Abstract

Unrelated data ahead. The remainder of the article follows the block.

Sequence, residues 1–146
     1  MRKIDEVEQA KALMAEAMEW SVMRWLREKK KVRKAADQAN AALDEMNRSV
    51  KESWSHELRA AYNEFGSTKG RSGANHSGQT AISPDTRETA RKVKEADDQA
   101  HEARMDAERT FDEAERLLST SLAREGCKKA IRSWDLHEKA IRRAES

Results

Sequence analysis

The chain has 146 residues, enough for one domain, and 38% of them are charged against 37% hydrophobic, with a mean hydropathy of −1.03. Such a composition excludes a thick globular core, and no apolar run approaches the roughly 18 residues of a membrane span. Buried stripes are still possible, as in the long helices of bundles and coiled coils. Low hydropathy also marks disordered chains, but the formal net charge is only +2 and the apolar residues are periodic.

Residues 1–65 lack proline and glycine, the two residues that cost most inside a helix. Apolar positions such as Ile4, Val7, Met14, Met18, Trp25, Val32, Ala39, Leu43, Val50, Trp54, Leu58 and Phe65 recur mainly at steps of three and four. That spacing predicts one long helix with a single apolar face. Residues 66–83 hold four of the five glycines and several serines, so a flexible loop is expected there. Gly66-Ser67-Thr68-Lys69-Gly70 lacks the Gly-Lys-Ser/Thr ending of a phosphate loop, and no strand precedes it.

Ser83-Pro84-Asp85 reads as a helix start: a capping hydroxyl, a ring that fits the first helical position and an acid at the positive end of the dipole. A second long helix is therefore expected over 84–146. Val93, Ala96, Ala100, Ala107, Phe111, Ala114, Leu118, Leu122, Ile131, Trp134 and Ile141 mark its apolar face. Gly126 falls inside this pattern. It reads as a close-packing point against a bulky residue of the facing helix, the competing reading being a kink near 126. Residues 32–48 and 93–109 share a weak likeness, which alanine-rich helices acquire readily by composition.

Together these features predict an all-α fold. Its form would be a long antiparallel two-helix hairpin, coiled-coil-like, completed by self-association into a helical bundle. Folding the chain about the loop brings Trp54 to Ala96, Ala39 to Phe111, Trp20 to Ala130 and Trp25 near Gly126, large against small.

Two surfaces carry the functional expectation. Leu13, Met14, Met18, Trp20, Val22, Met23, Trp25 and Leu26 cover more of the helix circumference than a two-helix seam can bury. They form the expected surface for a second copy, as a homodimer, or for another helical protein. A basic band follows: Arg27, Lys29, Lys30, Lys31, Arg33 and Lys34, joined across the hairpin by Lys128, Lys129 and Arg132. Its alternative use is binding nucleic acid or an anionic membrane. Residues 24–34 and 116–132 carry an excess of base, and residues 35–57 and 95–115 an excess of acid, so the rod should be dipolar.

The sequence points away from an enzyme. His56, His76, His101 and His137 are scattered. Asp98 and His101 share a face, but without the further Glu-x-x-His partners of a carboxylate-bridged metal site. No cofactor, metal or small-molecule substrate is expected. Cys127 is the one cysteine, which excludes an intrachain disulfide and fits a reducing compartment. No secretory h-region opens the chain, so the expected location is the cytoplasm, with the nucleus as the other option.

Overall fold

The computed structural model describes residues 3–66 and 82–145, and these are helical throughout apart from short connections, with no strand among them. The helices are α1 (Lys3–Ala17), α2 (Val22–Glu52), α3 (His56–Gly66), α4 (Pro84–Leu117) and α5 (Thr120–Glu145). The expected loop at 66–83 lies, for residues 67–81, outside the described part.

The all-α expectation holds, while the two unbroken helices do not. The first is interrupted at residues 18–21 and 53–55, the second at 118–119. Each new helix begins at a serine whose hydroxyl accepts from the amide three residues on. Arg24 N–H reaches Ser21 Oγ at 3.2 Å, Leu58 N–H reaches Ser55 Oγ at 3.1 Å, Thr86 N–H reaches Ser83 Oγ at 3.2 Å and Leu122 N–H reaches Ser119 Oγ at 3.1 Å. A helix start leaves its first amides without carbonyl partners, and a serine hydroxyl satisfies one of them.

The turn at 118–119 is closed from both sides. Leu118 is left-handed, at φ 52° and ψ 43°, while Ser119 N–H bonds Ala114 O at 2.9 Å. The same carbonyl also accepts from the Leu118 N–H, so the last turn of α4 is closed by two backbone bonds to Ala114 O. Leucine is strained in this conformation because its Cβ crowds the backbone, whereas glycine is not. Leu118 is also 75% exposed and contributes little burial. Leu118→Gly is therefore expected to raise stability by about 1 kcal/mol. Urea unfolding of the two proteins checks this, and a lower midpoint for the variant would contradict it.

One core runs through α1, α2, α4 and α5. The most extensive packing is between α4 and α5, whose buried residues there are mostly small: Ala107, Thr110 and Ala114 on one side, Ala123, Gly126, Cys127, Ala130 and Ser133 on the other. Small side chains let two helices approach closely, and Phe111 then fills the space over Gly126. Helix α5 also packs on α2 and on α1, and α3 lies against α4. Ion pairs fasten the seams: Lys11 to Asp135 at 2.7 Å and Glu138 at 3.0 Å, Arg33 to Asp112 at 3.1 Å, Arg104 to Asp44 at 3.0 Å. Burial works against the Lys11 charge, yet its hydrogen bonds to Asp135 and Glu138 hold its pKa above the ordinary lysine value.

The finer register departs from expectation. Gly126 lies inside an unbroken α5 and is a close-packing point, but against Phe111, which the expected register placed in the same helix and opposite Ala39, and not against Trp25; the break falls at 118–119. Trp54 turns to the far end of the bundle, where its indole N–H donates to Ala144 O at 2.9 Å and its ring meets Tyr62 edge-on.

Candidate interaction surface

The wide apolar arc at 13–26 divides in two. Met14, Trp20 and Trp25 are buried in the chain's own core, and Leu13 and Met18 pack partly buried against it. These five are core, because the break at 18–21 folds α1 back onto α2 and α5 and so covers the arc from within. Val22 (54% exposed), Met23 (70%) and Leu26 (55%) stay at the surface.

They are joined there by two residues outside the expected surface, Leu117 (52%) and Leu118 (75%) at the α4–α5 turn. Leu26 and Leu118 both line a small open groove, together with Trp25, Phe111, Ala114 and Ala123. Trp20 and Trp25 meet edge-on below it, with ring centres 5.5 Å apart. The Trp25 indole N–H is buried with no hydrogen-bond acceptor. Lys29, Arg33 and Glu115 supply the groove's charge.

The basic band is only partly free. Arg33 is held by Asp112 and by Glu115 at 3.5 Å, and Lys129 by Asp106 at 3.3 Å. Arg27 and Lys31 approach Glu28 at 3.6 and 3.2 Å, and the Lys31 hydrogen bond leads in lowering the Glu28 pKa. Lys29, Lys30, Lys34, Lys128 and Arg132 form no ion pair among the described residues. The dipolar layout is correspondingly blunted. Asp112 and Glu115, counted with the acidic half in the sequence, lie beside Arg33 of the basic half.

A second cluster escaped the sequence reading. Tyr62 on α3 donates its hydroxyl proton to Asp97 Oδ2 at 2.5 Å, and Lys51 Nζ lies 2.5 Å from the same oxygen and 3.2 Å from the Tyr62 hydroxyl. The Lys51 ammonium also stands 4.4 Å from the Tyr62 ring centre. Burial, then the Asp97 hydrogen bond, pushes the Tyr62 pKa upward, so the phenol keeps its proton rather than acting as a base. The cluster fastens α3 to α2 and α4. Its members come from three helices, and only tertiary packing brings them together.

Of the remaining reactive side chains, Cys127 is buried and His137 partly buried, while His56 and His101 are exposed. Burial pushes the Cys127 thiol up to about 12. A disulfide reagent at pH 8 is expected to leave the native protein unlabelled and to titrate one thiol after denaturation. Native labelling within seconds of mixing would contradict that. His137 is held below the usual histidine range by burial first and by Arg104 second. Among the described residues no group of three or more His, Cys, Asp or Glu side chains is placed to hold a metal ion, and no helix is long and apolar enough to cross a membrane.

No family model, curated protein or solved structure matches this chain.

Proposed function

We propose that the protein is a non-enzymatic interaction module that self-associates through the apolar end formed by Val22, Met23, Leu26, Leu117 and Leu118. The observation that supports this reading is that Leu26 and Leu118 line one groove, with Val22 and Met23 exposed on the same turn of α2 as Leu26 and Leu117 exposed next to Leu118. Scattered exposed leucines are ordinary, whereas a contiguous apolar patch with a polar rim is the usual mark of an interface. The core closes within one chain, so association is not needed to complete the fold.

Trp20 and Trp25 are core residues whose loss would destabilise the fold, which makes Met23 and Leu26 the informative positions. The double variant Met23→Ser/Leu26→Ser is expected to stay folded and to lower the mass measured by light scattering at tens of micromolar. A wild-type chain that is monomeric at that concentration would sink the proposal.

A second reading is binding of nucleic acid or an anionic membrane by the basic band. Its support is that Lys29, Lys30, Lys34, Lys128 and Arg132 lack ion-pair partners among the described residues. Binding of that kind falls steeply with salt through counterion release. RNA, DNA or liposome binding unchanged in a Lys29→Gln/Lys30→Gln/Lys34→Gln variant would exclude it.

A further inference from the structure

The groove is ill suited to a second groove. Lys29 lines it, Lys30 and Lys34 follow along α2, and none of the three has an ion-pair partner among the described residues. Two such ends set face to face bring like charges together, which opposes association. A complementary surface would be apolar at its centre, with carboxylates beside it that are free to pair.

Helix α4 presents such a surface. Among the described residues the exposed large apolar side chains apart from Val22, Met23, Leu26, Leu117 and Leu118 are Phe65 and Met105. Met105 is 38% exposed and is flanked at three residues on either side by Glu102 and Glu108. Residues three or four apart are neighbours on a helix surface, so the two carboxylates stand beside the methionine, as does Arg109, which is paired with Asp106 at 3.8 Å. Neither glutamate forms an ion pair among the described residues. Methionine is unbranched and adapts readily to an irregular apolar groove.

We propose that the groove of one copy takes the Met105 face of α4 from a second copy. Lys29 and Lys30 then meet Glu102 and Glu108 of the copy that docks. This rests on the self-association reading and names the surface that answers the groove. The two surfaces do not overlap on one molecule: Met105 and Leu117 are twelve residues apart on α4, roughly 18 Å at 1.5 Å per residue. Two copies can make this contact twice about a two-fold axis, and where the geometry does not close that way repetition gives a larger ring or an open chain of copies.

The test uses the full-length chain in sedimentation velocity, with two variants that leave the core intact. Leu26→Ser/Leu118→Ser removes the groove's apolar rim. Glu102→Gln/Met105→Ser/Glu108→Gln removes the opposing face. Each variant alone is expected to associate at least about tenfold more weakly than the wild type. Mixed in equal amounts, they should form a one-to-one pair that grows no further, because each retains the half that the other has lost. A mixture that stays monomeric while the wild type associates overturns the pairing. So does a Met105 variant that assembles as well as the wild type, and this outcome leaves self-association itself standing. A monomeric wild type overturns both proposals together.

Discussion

Bi-directional referral platforms provide a streamlined process for making, receiving, and tracking referrals, helping to ensure that families connect to services and resources to thrive.  While the technology is valuable, it will not serve its purpose if not adopted by the community.  Successful and sustainable implementation requires trust and shared accountability between cross-sector community partners.  Implementation administered by outside individuals may lack the necessary trust to create worthwhile change. Through evidence and experience implementing the referral platform IRIS, we see successful and sustainable networks developed when led by champions within a community. Community champions live and work within a community and possess the social capital to bring partners together and inspire change. These champions acknowledge the history of factors that have shaped available resources, how providers currently engage with each other, and how families access services. Community champions cast a vision that resonates with providers across many sectors, including healthcare, education, and early childhood. To further support building connections for families and local organizations, we introduce the IRIS implementation approach. When delivered by community champions, this approach guides local adoption of the platform by navigating the five-phase IRIS implementation framework. Community champions lead systems change work by incorporating tools and processes to assist with network mapping, partner engagement, and workflow integration. Through this process, community champions build partnerships to support families while also utilizing the platform's data to identify and respond to service needs in the community.